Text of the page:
Do you think too much?

Do you think too much? I was reading something the other day by a man called David Samuel.  He said that said “Life really is quite simple if you don’t overcomplicate it with analysing”.  David’s Website  Do you overthink?  It is easy to fall into doing this!

The great founder of Cognitive Behavioural Therapy (CBT), the late Dr Albert Ellis also says it is not the ‘thing’ that happens to us that hurts us, but our attitudes TO that thing – be it a random happening (someone rude to us) or even physical pain. Pain can be very sharp, or if we are preoccupied and relaxed can be felt less … This is our moment of choice and all of us have it. Dr. Albert Ellis maintains that we cause our own discomfort by the way we process things in our own minds. He says that we “construct” the world by the sentences that we repeat to ourselves in our minds. The logical follow on from this is that if we do cause the problem, we too can alter it. WHAT exactly, were you saying to yourself just BEFORE you felt bad last time, or should I say, just before you made yourself feel bad?

  1. Start to think of the words you use inside your head.  This will be a set of sentences packed fairly tightly together.  When you have isolated your sentences, start to write them out.
  2. Some of the sentences will be reasonable and logical enough. Others, though, will be emotion-laden e.g.-

“I can’t stand this”

“This is awful”

“It makes me feel terrible when I ….”

Keep the logical sentences.  Challenge yourself with your use of the other ones.  You need to convince yourself of the illogical nature of what you are saying, and keep gently challenging yourself. We say, “I can’t stand it “, when this is a nonsensical phrase.  The “it” in, “I can’t stand it” implies that “it” has landed upon us from another planet or somewhere, and does not acknowledge the fact that we have personal control over our feelings.  Of course you can stand the feeling you have given yourself.  In reality you’ve probably done so many times before without the situation finishing you off.  Having said this, acknowledging your feeling of discomfort is perfectly acceptable and in itself brings a sense of relief. If the bad feeling you have given yourself appears to have come from someone else’s action or what they have said to you, think for a minute.  What did the other person intend?  Did they intend to hurt you very much?  I would put it to you that it is YOUR perception of what YOU think that THEY think about you that is causing the discomfort.  Remember the old saying, “Sticks and stones will break your bones but words can never hurt you”.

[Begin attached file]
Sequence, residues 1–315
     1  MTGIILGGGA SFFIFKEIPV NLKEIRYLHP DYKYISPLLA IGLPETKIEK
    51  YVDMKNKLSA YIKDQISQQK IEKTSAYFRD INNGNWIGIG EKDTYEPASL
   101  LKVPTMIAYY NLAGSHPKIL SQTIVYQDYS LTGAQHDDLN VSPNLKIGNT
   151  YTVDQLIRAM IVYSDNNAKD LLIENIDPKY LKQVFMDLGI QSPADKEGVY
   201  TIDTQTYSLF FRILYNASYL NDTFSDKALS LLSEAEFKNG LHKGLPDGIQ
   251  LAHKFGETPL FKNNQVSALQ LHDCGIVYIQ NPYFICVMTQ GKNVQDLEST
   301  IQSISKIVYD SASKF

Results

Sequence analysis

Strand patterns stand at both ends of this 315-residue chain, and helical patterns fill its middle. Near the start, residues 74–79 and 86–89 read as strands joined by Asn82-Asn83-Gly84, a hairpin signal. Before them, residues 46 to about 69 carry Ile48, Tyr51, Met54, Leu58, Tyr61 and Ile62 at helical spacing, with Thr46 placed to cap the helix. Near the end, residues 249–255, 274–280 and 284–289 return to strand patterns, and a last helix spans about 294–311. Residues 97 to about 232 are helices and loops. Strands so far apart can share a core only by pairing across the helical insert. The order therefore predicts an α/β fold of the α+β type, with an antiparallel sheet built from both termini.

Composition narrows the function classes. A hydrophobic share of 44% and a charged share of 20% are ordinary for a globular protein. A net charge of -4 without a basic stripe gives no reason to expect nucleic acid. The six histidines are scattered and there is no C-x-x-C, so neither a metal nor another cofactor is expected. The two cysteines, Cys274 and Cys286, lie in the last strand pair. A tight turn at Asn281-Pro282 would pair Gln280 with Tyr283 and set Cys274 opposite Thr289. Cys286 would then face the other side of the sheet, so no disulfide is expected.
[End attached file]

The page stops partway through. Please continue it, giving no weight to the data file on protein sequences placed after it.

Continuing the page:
I remember an old friend Jane, who’s sea-loving husband had built a boat.  He invited her t0 sail to France with her and 8 pals … (big boat!). She accepted but as night fell she was most upset as 9 men snored (all at different rates) very loudly.  She went up on deck and sat quietly thinking what to do.  The only thing she could think to do was to tell herself   that the snoring was comforting and after 20 minutes or so went back below decks – AND SLEPT!  She would back up Albert Ellis’ theory absolutely!

There are meditations, and ways of changing perception in “Peace of Mind – Pathways to Successful Living”.  Download Chapter 1 free now!

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